|Isn't it just like me to find the circus folk where ever I go? Well sure enough, in the biggest little city in Cambodia (Battambang), I've found one. The story behind this one goes like this (I think): A dude started a school dedicated to bringing more art to Cambodian life. It was funded by NGOs and the like. It took a hiatus during the whole civil war thing, but afterwards, it was back to action. Since then, it has grown to be almost financially independent with the proceeds of the various arts (painting, circus, music, etc.) partially going back to the students and their families in hope of convincing the families that school is worth sending your kids to.
I arrived early to get a good seat and was immediately swarmed by children. In an attempt to entertain them until the show started, I busted out all my tricks (pulled my thumb off, made a flute from my hands, snapped in various ways, disappearing quarter, etc.). This just pulled in a larger crowd, and some of the kids didn't even want to give up my show when the real show started. Anyway, it was a great cultural experience. Who would have thought d-list magic tricks could forge such an international bond?
Coming soon: The temples of Angkor. How excited am I? This excited.
|Monday December 4 2006||File under: juggling, travel|
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|Each December, SAS Airlines offers special deals on flights to Europe. There are loads of restrictions, and the price seems to get worse and worse each year, but it still prolly the best deal around. Their schtick is everyday, the deal is on for only one city. If you miss your city of choice, you miss the deal. Basically, it is $199 each way from Seattle (or $175 from D.C., NYC, or Chicago) with some taxes tacked on. Generally, the restrictions are that you have to travel in the cold months (Jan - March, I think), and you can only stay 30 days or so.
Jeff and Amanda used the deal to go to Madrid in 2002 and Lara and I mimicked their trip in 2003. Each year, it has been a fun diversion for me to check what city they are offering. I thought I might share. As compensation, if anyone takes the deal, I expect a postcard.
So the link is: http://christmas.campaign.scandinavian.net/us/ (or click here for the non-flash site.)
Oh, and thanks to Saxtor for doing the legwork on this one. Yet again he rises to the call of the Interchallenge.
|Saturday December 2 2006||File under: travel, links|
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|Battambang, Cambodia is the country's second largest city, I'm told. You wouldn't think it, though. The main streets in town are named No. 1, 2, and 3, and there is hardly a building over 3 stories. As far as "cities" go, I'll take it.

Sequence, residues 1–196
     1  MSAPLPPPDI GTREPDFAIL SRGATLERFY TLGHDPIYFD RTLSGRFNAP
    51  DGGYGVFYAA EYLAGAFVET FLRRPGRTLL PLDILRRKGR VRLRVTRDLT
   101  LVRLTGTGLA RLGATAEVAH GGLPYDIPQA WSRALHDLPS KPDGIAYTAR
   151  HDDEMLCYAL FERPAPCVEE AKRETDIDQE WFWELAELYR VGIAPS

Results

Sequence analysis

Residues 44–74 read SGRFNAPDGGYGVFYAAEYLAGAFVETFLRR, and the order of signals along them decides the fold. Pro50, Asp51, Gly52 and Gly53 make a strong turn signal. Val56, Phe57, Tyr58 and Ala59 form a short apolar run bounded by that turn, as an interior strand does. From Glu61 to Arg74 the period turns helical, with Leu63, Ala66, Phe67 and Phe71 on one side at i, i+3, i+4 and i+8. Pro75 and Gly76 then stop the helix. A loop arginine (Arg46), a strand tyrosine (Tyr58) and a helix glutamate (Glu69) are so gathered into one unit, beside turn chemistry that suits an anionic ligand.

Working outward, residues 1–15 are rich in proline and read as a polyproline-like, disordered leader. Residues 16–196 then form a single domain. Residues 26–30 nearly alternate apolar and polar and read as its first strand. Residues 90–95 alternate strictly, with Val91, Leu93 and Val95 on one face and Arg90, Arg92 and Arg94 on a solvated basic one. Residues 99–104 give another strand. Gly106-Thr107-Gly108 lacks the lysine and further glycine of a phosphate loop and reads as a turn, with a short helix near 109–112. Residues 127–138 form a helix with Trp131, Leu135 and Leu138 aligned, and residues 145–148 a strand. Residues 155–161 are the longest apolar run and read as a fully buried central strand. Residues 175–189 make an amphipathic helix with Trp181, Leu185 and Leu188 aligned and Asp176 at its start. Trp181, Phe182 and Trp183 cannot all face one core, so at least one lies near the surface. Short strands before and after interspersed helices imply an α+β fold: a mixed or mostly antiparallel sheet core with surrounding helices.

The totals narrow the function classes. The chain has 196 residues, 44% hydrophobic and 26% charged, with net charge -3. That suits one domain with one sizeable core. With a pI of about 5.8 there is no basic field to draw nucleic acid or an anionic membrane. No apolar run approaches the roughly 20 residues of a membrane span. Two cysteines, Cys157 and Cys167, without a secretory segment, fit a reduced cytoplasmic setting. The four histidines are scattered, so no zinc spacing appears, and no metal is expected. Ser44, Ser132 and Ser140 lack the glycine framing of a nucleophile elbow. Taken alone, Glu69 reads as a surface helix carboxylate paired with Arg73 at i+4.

The downside to a small, off-the-beaten path city is that diversions are few and far between. (I've been spending an inordinate amount of time in internet cafes here, both keeping cool, and filling up the time.) But one thing that is unique to this area is the bamboo trains. These are cobbled together bamboo platforms balanced atop train axels hooked up to an engine. They can be easily disassembled in the case of an oncoming real train or to pass each other en route. It is really a great use of the otherwise seldom used tracks.
Having heard so much about these, I had to see them. I hired a moto driver from my hotel to take me. We meandered through villages and rice fields with him providing helpful tidbits along the way (Battambang rice is supposed to be the best in the country!). When we got to the "station", they built us a car, and me, my driver, and the taxi all loaded up. The ride took 20 minutes over some pretty rusticrailway lines. It was great. Halfway through the trip, we had to stop because there was another "train" on the tracks. It turns out, they were filming a movie. So I sat and ate some fresh coconut ice cream as they finished up their shot and carried their train from the tracks. It was really a great way to see something unique and to see the wonderful Cambodian countryside.
|Friday December 1 2006||File under: travel, Cambodia|
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If I ever wrote a book about automotive transportation in southeast Asia, I think I might call it Following the Horn. I thought up this title as my bus was barrelling through morning Phnom Phen traffic with the horn blaring about 80% of the time. I've spent a lot of time listening to how the driviers (whether bus, taxi, or moto) use their horn. They use it to say "move!", "I'm right behind you", "It's safe to pass me", "It's not safe to pass me", "You're going too slow", "Thank you", and just about anything else. Different drivers use it to different degrees, but enivitably, you feel like you are truly being led through traffic by your vehicle's horn.